Postcolonialism, Economies, Crises: Interdisciplinary Perspectives. 7-8 July 2011
At a time when the current global financial crisis is prompting profound reassessments of economic models, practices and transnational relationships, how can postcolonial studies inform our understanding of relations between local cultures and global capital? This interdisciplinary conference aims to explore the relationships between postcolonialism and economic structures, historicising crisis as well as engaging with contemporary concerns. How might we situate present economic relations within longer (post)colonial histories of capitalism, deprivation, debt and dependency? How do moments of crisis interrelate with ongoing economic struggles outside the west? To what extent are economic relations a central feature of postcolonial cultural representation? What are the relationships between economic crisis and the content, marketing and consumption of postcolonial artistic and cultural productions?
Elleke Boehmer, Sarah Brouillette,
We welcome proposals from academics working in disciplines including Cultural Studies, Economics, Film, Geography, History, Literature, International Development, Politics and related fields. Interdisciplinary papers are welcome.
Topics for papers or panels may include, but are not limited to:
• Responses to the current global economic crisis from postcolonial writers, critics and theorists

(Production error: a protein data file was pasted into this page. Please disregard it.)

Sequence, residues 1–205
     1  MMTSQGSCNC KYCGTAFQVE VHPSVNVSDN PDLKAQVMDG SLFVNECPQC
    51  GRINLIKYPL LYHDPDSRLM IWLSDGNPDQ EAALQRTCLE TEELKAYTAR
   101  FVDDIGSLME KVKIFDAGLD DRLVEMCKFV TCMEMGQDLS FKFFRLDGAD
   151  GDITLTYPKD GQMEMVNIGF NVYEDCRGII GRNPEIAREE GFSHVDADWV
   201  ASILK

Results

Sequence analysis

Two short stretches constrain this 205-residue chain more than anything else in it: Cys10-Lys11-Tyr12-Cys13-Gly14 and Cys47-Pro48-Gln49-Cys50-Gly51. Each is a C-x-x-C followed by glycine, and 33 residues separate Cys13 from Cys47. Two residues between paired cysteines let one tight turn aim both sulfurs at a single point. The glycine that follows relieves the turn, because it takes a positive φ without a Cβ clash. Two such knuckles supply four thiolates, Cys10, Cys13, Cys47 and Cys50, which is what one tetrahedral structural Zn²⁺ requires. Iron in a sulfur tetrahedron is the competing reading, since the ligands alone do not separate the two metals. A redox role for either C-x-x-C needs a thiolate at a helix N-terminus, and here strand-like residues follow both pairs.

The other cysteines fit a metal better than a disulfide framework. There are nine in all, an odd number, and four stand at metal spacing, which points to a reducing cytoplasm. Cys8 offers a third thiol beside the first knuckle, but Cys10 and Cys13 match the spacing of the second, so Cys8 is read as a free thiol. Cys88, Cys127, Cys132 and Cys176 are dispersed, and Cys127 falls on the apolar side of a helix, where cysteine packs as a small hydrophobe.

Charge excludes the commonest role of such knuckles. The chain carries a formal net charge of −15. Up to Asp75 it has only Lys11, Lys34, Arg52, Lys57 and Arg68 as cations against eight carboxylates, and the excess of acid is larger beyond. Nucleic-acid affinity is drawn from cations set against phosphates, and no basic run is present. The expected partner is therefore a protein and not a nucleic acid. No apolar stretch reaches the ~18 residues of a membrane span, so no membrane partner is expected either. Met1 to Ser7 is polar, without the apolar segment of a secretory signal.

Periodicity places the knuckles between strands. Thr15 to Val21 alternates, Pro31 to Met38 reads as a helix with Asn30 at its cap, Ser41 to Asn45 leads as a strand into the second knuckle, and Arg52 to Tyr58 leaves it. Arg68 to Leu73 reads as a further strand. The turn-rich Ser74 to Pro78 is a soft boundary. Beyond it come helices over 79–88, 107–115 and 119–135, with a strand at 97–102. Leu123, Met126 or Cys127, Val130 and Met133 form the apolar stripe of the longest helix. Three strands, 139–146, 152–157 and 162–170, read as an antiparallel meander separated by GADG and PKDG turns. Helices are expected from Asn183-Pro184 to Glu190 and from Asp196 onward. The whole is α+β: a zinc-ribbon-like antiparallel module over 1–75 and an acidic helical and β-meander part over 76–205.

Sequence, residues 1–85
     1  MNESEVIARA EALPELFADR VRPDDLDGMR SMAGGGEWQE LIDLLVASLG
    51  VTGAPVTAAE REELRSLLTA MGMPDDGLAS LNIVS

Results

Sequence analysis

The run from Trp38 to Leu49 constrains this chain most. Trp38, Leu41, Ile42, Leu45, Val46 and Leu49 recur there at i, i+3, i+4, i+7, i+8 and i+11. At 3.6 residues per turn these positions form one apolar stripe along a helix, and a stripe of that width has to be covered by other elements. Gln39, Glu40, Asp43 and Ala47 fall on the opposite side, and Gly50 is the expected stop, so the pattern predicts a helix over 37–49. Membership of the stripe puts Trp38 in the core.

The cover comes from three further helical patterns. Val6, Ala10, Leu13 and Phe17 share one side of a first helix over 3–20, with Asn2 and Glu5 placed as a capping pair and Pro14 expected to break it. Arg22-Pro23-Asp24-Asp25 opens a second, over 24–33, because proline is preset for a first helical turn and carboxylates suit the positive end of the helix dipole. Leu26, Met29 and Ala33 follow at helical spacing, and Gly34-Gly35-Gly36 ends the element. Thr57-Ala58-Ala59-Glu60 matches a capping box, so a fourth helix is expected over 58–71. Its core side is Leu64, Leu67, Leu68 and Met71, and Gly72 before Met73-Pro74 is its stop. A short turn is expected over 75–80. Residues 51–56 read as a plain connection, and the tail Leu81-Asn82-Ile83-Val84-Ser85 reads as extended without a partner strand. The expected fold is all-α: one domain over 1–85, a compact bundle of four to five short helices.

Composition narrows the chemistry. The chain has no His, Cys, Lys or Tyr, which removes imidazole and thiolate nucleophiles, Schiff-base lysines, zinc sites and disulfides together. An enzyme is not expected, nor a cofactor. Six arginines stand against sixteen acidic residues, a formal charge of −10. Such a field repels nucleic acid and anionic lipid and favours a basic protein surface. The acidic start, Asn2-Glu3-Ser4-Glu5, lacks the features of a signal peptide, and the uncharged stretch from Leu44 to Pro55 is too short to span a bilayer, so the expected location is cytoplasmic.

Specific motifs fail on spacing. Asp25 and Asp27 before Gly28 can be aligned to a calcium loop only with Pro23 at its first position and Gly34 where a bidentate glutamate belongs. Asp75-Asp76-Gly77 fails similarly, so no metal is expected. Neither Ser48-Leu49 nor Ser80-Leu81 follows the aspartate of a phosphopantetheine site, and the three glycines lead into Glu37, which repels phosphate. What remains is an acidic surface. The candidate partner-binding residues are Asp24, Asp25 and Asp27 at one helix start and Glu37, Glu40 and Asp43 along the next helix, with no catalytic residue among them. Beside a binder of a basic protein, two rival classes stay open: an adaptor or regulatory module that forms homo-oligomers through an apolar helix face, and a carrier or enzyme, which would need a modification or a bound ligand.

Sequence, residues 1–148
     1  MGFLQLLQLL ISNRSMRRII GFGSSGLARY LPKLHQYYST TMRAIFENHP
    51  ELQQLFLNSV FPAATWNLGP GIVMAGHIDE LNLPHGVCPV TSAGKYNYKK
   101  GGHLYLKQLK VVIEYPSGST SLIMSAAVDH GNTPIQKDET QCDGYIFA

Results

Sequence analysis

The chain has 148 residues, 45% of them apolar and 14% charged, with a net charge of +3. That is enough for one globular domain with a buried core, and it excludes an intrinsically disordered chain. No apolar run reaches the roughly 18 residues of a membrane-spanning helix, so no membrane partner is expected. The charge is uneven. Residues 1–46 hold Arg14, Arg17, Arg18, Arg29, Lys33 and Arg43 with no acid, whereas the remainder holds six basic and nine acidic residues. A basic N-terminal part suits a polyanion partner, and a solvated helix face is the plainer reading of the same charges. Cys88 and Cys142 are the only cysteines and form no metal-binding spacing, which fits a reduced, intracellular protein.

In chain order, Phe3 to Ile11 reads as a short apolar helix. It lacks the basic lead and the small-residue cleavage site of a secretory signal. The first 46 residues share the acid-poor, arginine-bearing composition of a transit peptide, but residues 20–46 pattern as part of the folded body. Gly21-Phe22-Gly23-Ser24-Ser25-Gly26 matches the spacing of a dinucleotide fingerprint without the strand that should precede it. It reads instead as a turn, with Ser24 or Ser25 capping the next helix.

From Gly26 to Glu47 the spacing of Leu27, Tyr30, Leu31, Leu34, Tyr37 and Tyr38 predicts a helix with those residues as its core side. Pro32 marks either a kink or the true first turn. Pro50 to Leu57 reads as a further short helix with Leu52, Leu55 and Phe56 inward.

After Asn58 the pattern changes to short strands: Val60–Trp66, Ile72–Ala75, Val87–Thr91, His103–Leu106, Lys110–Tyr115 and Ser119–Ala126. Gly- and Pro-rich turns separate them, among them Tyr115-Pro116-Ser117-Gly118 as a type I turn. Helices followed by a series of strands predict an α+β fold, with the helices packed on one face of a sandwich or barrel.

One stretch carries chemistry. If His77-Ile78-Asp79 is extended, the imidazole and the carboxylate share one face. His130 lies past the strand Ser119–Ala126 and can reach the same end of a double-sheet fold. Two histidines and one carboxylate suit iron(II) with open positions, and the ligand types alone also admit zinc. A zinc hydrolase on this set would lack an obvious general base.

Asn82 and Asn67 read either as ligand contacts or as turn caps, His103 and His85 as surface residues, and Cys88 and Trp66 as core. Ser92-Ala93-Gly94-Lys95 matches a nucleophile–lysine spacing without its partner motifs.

• Alternative financial and economic models (e.g. shariah-compliant banking)
• Recessions, depressions and crashes: economic crisis points in (post)colonial histories, texts and cultures
• Situating economics: postcolonial marketplaces and exchanges
• The textual representation of postcolonial economic relations
• Contesting regimes of value and worth across postcolonial cultures
• Postcolonialism and economic migrancy
• Development economics in the postcolony: poverty, debt, aid and relief
• Neoliberalism and global finance (the World Bank, IMF, etc)
• The economics of environmental crisis
• 'Economy' as metaphor for social, interpersonal and psychoanalytic process
• The postcolonial studies industry: marketing and commoditising the postcolonial intellectual
• Economies and the academy: funding postcolonial research in the current HE climate
Individual papers should be no longer than 20 minutes. Please send a 300-word abstract and a biographical sketch of no more than 150 words to Clare Barker and Dave Gunning at email@example.com by 30 November 2010.
Proposals for panels (3 speakers) and roundtable discussions are also welcome: please include a 200 word rationale for the panel/roundtable and a brief summary of each paper/contributor.